FDA approves COVID-19 treatment drug that was used in LI trials
U.S. regulators on Friday allowed emergency use of an experimental drug that appears to help some coronavirus patients recover faster after it part of clinical trials on Long Island.
Officials with the Feinstein Institutes for Medical Research, the research arm of Northwell Health, announced they were conducting two clinical trials of the drug in late March.
Feinstein Institute President and CEO Dr. Kevin Tracy said back when the announcement was made that, "The hope is these two trials, which are both intravenous drugs, will be given in the ICU or to critically ill people and hopefully have some of them turn around."
Tracey said one clinical trial targets patients who appear moderately ill with the virus, while the other is for patients in the ICU with lung failure and low oxygen levels.
A study done by the National Institutes of Health gave more than 1,000 patients either remdesivir or a placebo. Fauci says those on the placebo recovered in 15 days, compared to an 11-day recovery for patients on remdesivir.
Dr. Bettina Fries, chief of the Division of Infectious Diseases at Stony Brook University School of medicine says having approval is one thing, but having it available is another, and she says it is not widely available right now.
There are strict requirements for which COVID-19 patients can be in the trials, and the treatment doesn't help everyone.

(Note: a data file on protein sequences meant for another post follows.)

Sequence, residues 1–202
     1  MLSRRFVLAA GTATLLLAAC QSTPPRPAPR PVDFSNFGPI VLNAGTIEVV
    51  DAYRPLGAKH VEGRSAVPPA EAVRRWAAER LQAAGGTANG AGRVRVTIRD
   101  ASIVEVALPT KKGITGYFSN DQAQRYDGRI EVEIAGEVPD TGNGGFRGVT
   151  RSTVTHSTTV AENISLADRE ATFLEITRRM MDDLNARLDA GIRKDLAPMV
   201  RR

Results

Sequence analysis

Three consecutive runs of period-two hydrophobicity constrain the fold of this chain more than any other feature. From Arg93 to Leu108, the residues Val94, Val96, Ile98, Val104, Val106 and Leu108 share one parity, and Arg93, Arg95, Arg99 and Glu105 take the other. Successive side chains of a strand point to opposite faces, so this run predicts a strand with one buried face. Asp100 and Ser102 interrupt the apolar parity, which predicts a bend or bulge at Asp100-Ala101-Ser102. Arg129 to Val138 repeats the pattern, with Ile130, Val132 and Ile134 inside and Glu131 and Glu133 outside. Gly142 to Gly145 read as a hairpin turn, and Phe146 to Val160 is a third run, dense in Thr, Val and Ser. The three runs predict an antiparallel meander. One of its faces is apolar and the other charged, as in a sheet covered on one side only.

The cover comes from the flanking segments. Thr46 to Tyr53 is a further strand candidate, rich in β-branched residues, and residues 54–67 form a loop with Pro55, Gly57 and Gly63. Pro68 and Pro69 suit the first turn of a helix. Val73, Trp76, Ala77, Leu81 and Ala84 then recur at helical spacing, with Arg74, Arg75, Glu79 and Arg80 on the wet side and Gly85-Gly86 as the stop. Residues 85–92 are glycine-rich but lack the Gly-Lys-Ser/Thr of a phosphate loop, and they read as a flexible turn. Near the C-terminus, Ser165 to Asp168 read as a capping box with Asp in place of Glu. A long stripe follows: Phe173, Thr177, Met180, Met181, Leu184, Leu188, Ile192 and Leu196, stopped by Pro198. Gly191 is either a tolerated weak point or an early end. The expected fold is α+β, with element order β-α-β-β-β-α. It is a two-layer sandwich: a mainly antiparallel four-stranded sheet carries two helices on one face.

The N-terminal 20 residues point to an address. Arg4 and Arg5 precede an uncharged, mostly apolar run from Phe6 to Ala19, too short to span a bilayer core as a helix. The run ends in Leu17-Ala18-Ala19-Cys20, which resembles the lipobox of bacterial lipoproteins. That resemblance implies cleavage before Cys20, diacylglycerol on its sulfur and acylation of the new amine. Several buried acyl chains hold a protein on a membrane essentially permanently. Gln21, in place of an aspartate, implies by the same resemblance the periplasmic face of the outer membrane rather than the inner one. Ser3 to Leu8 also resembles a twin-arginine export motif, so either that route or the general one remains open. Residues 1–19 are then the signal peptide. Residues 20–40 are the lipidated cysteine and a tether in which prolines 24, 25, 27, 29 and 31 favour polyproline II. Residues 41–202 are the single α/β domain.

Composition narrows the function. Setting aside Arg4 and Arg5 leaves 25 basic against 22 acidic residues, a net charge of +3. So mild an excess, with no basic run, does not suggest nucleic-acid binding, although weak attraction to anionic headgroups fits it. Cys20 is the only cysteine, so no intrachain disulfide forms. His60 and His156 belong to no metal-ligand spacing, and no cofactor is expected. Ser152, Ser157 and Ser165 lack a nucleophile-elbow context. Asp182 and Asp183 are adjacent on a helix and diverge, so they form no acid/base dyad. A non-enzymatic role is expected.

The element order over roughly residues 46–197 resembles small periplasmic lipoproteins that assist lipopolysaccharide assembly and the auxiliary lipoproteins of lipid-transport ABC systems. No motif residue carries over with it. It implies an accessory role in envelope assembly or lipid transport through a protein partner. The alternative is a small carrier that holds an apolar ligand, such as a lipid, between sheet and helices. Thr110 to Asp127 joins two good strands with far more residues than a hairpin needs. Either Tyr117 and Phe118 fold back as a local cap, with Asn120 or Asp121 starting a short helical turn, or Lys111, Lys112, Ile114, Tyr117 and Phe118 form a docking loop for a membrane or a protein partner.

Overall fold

"It's not like everybody who gets the drug is going to be alright and all the people who don't get the drug are not going to be alright," says Fries. "There's going to be a lot of other aspects that are going to contribute to the ultimate outcome of the patient."
Shirley Guale and her family believe remdesivir could help her 34-year-old brother Raul recover from COVID-19. The West Sayville man is currently on a ventilator.
"His levels go up and down, it just depends, you know this, this virus is just back and forth," says Shirley.
A representative with Northwell says a person in Raul's situation would need to be approved for a transfer from Mather Hospital to one conducting the trial, be cleared be their personal doctor and meet the guidelines for the trial.
The Guale family says they've been told Raul would not survive a transfer, so they hope that by sharing his story, maybe the drug could be brought to him.
"I would be even willing to pick it up and say, hey, you know, here, I just feel like it's right there, but it's so far," says Shirley.